- Add in order to Sustain Multiplication
- Continually Celebrate Kingdom Advance
Draw Your Circle of Responsibility
We begin by knowing and owning the place that we call home. In his famous commission to the first sent-ones, Jesus calls them to migrate from their Jerusalem, to Judea and Samaria and to the ends of the earth (Acts 1:8). Jerusalem was their home. It was the world they knew. It was right where God had them at the moment.
Although many of us would rather skip the messiness of our Jerusalem and head out to the ends of the earth, we must first start in our Jerusalem. Exporting something that doesn’t work at home is worse than unhelpful; it is missionally toxic on many dimensions.
For some, this circle will be the neighborhood in which they live, the office complex in which they labor, or the gym or hang-out spot they frequent. For churches, this might be a one-mile radius from the location of their church building or an epicenter in which a majority of their people live, work and play.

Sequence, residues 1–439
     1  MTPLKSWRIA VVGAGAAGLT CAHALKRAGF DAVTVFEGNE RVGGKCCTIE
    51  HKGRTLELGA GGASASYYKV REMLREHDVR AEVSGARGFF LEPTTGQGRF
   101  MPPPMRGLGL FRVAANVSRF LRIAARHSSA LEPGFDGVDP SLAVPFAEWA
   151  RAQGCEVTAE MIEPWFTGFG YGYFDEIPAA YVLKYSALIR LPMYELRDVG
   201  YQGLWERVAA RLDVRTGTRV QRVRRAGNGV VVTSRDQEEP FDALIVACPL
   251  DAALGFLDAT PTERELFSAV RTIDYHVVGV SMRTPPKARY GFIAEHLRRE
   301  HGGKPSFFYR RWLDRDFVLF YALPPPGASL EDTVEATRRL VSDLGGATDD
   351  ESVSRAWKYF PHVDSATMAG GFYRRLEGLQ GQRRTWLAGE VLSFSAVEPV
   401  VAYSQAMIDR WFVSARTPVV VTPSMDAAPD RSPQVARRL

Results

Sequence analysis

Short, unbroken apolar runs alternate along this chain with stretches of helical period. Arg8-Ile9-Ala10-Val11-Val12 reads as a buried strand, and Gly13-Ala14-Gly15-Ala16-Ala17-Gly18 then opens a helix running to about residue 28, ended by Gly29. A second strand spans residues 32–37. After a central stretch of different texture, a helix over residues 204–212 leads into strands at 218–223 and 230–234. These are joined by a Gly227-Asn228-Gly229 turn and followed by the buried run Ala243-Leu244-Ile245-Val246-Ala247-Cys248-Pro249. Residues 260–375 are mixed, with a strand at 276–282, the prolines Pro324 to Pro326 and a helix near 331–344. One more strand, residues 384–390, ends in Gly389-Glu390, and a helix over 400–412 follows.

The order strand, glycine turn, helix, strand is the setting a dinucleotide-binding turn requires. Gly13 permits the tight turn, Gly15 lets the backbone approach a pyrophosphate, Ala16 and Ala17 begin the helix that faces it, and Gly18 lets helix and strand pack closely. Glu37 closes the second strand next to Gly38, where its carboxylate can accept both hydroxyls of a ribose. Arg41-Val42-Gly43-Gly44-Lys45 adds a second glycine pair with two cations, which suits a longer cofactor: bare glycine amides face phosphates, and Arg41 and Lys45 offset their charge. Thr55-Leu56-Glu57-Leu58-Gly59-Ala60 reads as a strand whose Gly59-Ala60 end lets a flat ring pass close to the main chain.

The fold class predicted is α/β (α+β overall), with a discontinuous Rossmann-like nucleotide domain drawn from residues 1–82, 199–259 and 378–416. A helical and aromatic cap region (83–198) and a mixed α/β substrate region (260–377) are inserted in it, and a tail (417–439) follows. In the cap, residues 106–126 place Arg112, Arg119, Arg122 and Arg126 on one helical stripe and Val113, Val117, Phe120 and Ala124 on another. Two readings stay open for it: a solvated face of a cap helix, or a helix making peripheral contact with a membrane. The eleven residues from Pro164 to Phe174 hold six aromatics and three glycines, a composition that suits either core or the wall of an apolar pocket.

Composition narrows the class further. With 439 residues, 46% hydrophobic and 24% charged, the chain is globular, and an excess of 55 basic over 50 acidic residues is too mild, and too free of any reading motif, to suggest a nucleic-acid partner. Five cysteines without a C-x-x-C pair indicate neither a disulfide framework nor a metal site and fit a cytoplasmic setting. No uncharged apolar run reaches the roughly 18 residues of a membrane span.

The size of the geography isn’t as important as the degree of spiritual ownership taken of that geography. What is most vital is that we know our place and take gospel responsibility for the people who live there.
Understand the Needs Within Your Circle
Next, we ask investigative questions about our circle. Who lives here? What people groupings have little gospel access? What social fault lines do we observe? Where is the enemy at work? What signs of grace are present? Who are the people of peace laboring to bring the good news of Jesus to bear in that place? What community organizations are working for causes that kingdom-disciples could intersect and champion as well?
The list of questions is seemingly endless. What’s important is that God’s people have their spiritual antennas raised and are looking for places to physically, spiritually, emotionally, and financially invest.
Pray Specifically and Expectantly
Which then thrusts them into their circle with a very strategic posture of prayerfulness. No longer nebulous niceties like, “lead, guide and direct…,” and ending “in Jesus’ name” are adequate. Now we must pray practically for real people by specific name, real needs that are unmistakable by nature, and particular people groups that have no one looking for them to share good news.